The Global Initiative for Fiscal Transparency (GIFT) recognized the Philippine government’s Bottom-up Budgeting (BuB) program as one of five Best Practices in Fiscal Transparency from around the world during the Open Government Partnership (OGP) summit in Mexico City last week.
The other programs cited are Mexico’s Education Reform Program, Cameroon’s Budget Transparency in Local Governments, Brazil’s Thematic Budget, and an international project called Aid on Budgets being piloted in the Democratic Republic of the Congo, Haiti, Moldova, Nepal, and Senegal.
In their declaration, GIFT noted that “in 2015, 1,514 cities and municipalities (92% of all in the country) had joined the program and it has so much demand it would be difficult for future governments to discontinue.”
Budget Secretary Florencio “Butch” Abad said, notwithstanding the program’s success and recognition, BuB’s potential remains untapped and thus deserves to continue in the next administration.
“The BuB as a reform program promotes improvements in government openness, accountability and responsiveness. Through this program, we’ve institutionalized people’s participation in the budget process to gain a better understanding of their needs and requirements, and ensure these are met,” Abad said.
“It is an unprecedented process and we’re proud to have been able to implement it in this administration. But it should continue to be supported in the next administration. Its success is inceptive and as a mechanism for transparency and participation, its potential remains largely untapped,” he added.
The 2016 Budget supports the expansion of the BuB. Local poverty reduction projects identified by communities and LGUs in 1,514 cities and municipalities have been allocated P24.7 billion: an increase from P8 billion in 2013 for the projects identified in 595 cities and municipalities.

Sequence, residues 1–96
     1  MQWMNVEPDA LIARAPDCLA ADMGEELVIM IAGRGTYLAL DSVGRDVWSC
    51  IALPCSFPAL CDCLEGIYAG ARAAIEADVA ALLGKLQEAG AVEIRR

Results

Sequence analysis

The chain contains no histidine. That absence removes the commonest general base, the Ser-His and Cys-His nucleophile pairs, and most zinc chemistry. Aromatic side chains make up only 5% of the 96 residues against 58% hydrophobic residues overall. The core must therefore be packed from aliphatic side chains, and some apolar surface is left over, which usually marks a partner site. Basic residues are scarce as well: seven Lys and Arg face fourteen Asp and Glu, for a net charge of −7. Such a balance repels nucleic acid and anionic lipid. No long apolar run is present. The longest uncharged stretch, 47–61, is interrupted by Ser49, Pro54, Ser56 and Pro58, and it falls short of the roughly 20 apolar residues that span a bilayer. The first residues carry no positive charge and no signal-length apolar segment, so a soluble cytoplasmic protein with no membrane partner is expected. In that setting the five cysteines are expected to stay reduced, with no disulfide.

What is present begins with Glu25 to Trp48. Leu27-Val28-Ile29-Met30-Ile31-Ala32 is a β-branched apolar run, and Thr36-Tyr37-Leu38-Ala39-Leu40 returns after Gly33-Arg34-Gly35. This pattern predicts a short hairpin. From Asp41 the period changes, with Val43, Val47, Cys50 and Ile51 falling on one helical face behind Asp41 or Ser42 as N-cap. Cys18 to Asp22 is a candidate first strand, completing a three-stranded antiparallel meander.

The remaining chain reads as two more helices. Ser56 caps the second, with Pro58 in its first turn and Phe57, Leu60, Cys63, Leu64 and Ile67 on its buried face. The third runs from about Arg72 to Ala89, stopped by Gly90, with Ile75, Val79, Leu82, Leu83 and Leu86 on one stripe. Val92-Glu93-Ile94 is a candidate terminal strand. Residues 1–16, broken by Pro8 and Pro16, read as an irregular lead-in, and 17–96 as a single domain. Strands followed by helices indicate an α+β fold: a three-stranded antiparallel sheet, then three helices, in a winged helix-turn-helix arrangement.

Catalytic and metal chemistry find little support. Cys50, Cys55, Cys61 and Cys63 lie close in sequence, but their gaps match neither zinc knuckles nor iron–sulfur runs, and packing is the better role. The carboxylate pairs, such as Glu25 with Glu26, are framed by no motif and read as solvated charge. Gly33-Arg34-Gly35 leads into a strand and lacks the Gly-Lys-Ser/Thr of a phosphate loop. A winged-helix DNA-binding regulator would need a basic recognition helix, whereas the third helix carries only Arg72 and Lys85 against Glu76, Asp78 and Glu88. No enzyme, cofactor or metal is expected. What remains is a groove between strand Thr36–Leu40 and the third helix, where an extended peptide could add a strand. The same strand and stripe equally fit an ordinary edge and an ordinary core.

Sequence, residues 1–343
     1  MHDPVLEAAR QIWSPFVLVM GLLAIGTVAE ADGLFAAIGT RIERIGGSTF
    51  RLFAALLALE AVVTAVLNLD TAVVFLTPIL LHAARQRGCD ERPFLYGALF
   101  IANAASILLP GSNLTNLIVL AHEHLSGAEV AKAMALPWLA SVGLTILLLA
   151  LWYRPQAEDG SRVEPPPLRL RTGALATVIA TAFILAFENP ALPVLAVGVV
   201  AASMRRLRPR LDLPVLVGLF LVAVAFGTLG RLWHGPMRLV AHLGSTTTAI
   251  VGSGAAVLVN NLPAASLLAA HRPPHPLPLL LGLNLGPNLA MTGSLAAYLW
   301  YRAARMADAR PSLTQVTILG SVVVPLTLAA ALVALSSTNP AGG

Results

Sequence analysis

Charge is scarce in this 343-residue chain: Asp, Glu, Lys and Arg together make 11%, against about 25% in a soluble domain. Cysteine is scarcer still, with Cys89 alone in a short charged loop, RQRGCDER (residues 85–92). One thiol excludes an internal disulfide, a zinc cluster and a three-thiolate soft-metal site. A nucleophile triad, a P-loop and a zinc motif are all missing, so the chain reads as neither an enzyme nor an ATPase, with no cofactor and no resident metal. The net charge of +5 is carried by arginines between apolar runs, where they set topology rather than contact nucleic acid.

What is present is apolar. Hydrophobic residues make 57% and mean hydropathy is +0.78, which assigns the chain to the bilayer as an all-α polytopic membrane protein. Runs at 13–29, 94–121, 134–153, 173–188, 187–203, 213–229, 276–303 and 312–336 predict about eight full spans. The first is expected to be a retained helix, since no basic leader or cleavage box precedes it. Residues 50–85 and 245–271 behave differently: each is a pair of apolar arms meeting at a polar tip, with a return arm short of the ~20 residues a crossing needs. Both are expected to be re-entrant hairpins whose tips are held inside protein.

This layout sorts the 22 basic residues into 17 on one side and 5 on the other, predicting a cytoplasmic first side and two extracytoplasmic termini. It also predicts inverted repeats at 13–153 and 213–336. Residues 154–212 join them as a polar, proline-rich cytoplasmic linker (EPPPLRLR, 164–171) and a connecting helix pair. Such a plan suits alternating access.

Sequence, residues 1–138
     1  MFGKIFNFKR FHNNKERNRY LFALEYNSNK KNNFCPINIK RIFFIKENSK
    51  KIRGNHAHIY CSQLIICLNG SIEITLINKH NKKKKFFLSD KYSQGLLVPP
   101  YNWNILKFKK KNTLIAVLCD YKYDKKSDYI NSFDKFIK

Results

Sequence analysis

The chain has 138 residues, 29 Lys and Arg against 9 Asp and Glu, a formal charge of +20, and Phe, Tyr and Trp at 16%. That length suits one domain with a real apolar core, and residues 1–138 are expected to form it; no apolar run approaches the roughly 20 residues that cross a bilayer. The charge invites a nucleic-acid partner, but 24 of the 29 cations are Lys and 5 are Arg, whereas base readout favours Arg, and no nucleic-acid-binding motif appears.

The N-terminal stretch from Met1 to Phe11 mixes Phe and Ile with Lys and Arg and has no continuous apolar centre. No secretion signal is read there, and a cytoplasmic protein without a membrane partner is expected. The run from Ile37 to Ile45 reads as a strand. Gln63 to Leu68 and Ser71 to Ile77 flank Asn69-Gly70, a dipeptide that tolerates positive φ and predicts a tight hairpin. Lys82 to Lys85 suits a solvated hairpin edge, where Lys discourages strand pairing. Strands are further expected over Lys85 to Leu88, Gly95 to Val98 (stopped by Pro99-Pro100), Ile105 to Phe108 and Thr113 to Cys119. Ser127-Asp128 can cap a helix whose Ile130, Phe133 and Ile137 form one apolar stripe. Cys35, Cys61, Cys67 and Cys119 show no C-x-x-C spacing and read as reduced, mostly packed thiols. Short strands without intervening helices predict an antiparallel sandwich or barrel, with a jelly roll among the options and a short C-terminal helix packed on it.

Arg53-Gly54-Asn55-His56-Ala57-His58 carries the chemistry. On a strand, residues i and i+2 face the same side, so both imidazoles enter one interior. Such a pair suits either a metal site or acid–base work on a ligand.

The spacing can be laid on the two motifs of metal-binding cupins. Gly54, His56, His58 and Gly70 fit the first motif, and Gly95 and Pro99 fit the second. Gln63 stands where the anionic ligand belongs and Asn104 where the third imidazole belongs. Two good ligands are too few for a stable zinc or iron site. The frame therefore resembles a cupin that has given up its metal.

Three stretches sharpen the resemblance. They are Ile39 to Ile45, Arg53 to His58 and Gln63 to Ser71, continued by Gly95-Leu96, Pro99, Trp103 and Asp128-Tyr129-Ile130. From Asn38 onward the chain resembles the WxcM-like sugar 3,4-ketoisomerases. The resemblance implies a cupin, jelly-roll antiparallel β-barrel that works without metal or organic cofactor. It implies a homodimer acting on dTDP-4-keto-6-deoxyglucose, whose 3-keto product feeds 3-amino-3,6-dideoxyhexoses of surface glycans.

“Fiscal transparency has become the norm in the Aquino administration in its pursuit of empowerment and good governance reforms. At the top of these reforms is transparency of budget processes. Through these reforms, we have dramatically improved our standing in global benchmarks of budget transparency,” the budget chief said.
“The International Monetary Fund has declared that our country exhibits good and advanced practices in several areas of its new Fiscal Transparency Code, for example. Meanwhile, the International Budget Partnership’s Open Budget Survey for 2015 ranked the Philippines as number one in Budget Transparency in the ASEAN because of programs such as BuB,” Abad added.
The GIFT recognition comes in the wake of US Ambassador to the UN Samantha Power’s citation of BuB during her speech at the opening plenary of the same OGP summit. Power said during her speech that BuB had “resulted not only in greater citizen involvement in the creation, implementation and evaluation of programs, but it’s also meaning that the programs themselves are tailored for the communities rather than invented by some bureaucrat in an office that’s not in touch with what people really need.”
Last September 24, 2014, the Philippines was granted the Gold Open Government Award for BuB in the inaugural OGP Awards at the United Nations Head Quarters in New York City. The country was recognized for its outstanding efforts to deepen citizen engagement in the budget process, one of the three gold awards given out to recognize innovative and citizen-driven initiatives in designing and implementing public policy. The two other awardees were Denmark and Montenegro.
The OGP-Fiscal Openness Working Group—which is coordinated by GIFT—supports and promotes the implementation of budget and fiscal transparency commitments made by OGP governments. These fiscal openness commitments range from making fiscal information accessible to any activities that involve public participation in policy development or implementation.